Among the favourites is a gap analysis or stress analysis. I prefer to call this a stress analysis. The reason is, at this stage, we are not going to arrive at the current gaps but we focus on what could potentially become a bottleneck. And to arrive at this, we simulate the supply chain using multiple constraints and then find out areas that could become a bottleneck in the future. If a choice is to make between the dipstick benchmarking and stress analysis, the stress analysis exercise is very proactive because it is going to prepare your supply chain for some issues which could come in the future as a bottleneck. And then you are going to mitigate it right now itself and this would yield the organisation a competitive edge.
In most cases, to do proper stress testing a simulation model of the current state is built and multiple scenarios are run on that. I have used grounds up excel or SQL models or even used Python/Tableau for simulating this.Once done with all this analysis, you will end up with a list of opportunities. Prioritisation techniques should be used to decide on the focus areas/final solutions. Thus, it is recommended to do a quick ROI analysis and then use that to prioritise it.
Stage 3: Simulation And Modelling Phase
Now the third phase is the simulation and modelling phase, and this is the actual design for the future. What is done in this particular phase is that for each of the opportunities we have prioritised, we are going to consider and come up with multiple ways we can solve or fix that issue thereby reaping the value prop out of that opportunity.
Thus, here we are going to use design thinking tools to come up with the best way forward. And specifically, you should develop your simulation model wherein you can run multiple futuristic scenarios to decide which solution would yield you the best return on investment. This model would be completely different from the earlier stress testing model since the goals of both of the models are unique.
Earlier during the analysis phase, we had conducted the ROI. Here as part of the design for the future phase as well we do a very extensive ROI estimation. It is because in the supply chain there is no single defined way of solving a problem- it is always multiple ways of solving a problem. And in most cases, it is an optimised solution rather than a best solution. Thus, it is very essential to conduct an extensive ROI analysis and for that, the simulation and modelling tools are very crucial.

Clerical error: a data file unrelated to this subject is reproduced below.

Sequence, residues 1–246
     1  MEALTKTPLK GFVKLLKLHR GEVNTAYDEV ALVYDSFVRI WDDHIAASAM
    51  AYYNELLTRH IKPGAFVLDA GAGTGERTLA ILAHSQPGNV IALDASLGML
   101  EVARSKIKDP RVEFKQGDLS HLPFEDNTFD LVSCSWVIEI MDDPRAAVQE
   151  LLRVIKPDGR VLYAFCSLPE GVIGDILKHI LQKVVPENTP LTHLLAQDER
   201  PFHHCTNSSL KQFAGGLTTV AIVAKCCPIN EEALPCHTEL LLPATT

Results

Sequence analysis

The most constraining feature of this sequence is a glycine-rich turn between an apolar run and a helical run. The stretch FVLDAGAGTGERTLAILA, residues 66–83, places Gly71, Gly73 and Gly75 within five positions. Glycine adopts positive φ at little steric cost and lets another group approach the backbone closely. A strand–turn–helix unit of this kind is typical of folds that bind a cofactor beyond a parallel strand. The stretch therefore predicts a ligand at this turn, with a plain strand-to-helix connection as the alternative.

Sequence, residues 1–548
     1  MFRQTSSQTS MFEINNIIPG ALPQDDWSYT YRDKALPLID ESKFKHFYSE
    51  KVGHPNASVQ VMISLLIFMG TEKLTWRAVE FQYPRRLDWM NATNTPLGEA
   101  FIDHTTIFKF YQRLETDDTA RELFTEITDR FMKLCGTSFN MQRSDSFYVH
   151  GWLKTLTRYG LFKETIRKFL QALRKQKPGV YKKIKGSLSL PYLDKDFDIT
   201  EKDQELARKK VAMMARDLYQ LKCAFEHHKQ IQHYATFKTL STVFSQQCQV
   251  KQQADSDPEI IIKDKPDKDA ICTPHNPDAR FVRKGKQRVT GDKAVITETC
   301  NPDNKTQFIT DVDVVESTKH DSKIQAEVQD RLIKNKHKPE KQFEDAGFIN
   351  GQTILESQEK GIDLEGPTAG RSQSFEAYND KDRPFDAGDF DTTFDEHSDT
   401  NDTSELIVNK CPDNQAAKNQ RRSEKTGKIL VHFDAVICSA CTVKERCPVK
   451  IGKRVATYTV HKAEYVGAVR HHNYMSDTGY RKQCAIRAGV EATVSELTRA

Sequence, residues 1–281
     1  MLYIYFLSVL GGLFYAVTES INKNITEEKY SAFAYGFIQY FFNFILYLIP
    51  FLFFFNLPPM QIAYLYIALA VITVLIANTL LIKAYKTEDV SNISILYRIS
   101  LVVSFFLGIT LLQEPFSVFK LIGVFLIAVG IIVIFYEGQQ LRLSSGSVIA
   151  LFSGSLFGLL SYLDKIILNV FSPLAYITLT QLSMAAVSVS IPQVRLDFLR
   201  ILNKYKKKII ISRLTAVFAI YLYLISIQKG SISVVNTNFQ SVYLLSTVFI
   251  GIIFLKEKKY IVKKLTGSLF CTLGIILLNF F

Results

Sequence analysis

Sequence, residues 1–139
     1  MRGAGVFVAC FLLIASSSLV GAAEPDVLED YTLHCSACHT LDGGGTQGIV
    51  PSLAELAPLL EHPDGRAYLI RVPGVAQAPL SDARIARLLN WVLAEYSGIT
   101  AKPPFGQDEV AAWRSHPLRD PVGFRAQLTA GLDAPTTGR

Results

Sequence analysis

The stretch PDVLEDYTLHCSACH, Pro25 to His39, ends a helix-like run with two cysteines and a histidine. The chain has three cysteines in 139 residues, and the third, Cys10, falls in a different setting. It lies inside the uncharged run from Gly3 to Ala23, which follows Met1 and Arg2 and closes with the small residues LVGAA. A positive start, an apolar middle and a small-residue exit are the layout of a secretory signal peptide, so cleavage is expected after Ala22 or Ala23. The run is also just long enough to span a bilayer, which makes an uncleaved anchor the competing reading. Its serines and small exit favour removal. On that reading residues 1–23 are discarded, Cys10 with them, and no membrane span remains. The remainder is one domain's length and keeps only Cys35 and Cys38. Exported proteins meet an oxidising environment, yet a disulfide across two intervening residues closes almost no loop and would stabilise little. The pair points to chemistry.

Stage 4: Implementation
Once done with all these above phases, the last phase is implementation. It is very essential that this realisation phase is handled well as it is going to be a huge change in the organisation. Change management thus has to be followed right from phase one throughout this transformation. And as part of the implementation phase, the first and foremost thing you should come up with are:
• the stages of implementation
• pick up all the low-hanging fruits (Quick wins)
Gradually you go for the next set of improvements which could be short-term and then can go for the long term. And in this way, you can drive your implementation effectively. We should also do a proof of concept and do it on a very smaller scale. Start by evaluating whether your solutions are going to get you the intended results and then you can go for a full-fledged implementation in your organisation.
Though I called this as a Design for Future in the Supply Chain framework, by the techniques we have used we can also call this a network modelling exercise in the supply chain